'For many years all that could be seen of the new British Library was the building site through a hole in the boards thoughtfully created by the builders, knowing how fascinating most of us find the creation of a large building,' writes the development team for the new National Electronic Library for Health.
But while there are good reasons to keep readers off the building site of a bricks-and-mortar library until it is completed, the team argues that users 'can, should and will' be involved in the construction of the virtual NELH. Its aim is to make it 'one of the great libraries of the world' - with links to the Bodleian and UNESCO's website on the ancient library at Alexandria to give some idea of the scope of its ambition.
Arranged on four 'floors', the library will develop as a series of partnerships. Patient and public information will come together with a number of bodies, including NHS Direct; the know-how floor with the National Institute for Clinical Excellence; the knowledge floor with the 'healthcare library community'; and the knowledge management floor with education programmes and medical informatics bodies.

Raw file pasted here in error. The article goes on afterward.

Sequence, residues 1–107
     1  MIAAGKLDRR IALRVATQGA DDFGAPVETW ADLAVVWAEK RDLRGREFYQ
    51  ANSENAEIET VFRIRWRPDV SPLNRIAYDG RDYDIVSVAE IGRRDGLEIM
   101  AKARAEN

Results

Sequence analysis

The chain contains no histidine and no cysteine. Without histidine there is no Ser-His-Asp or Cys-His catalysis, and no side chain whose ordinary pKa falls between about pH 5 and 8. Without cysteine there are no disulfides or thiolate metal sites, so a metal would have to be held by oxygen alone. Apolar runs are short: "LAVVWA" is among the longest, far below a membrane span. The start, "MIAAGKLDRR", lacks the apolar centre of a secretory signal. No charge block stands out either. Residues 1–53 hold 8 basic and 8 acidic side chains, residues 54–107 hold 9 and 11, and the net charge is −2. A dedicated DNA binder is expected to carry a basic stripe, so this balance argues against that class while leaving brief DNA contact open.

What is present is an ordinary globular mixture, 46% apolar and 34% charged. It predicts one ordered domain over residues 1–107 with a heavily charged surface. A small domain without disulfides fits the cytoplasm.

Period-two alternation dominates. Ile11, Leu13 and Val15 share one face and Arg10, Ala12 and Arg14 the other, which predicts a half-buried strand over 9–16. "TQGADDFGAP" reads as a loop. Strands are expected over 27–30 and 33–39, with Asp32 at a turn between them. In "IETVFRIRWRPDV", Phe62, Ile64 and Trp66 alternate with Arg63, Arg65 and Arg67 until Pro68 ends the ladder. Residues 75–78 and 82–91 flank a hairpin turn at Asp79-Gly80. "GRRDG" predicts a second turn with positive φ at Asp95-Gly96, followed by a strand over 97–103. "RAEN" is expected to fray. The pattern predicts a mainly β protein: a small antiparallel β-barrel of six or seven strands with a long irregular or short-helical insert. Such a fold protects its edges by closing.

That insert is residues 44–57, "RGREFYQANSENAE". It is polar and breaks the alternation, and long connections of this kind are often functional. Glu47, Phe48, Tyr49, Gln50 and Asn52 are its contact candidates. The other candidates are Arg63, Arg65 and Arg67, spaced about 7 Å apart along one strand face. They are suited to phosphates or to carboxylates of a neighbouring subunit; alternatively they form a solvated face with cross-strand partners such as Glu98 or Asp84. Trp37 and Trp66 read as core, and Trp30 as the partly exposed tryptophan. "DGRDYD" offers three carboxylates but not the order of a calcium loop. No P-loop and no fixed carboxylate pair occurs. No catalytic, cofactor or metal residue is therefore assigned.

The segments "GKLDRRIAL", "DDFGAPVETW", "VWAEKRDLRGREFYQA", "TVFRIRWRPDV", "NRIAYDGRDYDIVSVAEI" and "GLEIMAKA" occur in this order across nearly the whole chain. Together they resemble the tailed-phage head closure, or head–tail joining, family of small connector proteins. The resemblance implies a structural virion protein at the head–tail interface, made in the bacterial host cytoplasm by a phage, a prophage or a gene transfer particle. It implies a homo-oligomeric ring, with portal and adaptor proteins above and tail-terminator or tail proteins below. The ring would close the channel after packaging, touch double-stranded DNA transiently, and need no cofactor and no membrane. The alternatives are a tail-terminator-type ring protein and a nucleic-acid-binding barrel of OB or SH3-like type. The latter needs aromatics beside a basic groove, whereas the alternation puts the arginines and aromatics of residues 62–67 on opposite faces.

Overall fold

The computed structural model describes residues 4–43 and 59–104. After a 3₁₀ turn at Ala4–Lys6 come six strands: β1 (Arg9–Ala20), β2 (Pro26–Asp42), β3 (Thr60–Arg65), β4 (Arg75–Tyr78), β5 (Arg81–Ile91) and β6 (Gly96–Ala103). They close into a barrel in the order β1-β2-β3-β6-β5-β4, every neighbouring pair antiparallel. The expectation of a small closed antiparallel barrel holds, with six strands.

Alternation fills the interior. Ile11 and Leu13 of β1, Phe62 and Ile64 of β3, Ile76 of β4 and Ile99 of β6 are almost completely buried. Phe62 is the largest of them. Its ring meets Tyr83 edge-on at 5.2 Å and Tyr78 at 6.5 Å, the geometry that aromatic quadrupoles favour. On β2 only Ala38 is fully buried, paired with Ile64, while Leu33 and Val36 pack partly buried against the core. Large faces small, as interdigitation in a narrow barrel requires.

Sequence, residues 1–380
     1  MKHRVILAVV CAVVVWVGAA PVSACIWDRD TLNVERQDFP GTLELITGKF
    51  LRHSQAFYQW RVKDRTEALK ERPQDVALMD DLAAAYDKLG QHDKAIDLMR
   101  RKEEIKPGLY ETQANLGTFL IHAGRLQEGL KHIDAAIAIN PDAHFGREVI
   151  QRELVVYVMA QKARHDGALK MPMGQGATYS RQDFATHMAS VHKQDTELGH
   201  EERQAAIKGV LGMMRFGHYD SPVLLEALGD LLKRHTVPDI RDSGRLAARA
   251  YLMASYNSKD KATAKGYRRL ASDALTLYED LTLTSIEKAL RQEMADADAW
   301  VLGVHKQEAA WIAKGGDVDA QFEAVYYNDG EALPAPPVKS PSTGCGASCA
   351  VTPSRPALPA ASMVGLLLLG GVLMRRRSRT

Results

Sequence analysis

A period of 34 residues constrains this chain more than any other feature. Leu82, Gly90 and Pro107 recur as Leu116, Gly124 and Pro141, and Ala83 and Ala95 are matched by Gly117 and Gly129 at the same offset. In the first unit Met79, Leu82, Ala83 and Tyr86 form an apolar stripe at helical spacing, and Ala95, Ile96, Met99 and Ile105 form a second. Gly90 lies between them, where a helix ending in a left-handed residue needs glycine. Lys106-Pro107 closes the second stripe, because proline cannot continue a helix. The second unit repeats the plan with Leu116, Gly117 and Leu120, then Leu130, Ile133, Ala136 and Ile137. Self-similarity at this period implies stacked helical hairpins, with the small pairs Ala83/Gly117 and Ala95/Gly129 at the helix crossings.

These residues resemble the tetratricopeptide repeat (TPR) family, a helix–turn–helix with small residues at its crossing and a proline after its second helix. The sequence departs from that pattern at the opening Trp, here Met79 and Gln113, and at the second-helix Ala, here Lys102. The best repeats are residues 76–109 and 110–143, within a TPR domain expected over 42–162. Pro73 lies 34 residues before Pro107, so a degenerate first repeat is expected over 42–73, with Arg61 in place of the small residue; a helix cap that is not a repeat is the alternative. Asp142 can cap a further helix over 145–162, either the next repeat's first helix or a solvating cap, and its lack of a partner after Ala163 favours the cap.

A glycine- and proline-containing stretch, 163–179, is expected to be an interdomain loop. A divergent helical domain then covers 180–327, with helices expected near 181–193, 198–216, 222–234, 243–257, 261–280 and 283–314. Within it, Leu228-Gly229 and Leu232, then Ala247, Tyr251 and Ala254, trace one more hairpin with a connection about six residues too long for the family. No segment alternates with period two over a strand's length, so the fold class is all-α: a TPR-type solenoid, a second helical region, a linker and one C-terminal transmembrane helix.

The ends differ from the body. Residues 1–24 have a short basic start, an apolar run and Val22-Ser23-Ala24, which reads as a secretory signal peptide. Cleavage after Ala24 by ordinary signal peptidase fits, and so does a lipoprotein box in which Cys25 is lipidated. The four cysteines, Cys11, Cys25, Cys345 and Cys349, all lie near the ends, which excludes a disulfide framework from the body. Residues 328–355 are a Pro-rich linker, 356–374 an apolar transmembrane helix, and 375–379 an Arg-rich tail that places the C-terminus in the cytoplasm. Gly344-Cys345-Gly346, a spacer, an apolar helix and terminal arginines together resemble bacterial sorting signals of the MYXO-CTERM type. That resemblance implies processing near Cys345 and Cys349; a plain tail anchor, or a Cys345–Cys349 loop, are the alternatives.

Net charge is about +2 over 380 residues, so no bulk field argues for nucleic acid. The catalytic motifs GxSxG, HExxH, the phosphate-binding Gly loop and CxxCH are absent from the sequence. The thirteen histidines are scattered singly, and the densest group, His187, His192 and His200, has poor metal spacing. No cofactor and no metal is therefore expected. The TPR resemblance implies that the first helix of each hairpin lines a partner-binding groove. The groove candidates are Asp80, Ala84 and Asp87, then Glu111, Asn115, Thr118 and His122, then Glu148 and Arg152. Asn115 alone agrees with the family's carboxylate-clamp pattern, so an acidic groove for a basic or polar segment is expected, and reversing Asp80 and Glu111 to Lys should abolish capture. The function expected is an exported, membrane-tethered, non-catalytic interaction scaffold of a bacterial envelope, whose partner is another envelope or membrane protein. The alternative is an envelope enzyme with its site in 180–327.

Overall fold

So far, the NELH has yet to fulfil its vague if ambitious objectives of 'providing easy access to best current knowledge and improving health and healthcare, clinical practice and patient choice' - despite an autumn 1999 deadline to get something going on primary care - but it does have a five-year plan, and its sense of history and off-beat eloquence is a relief from the usual turgid and single-minded prose.
One might turn for the big picture to the NHS Information Authority. One wouldn't get it. Though its site offers updates on individual programmes, it appears to have nothing to say about the overall strategy or even about the authority itself. Even the Department of Health information policy unit, which commissions its work, is more communicative.
These and other sites of interest can be reached via HSJ 's website at www.hsj.co.uk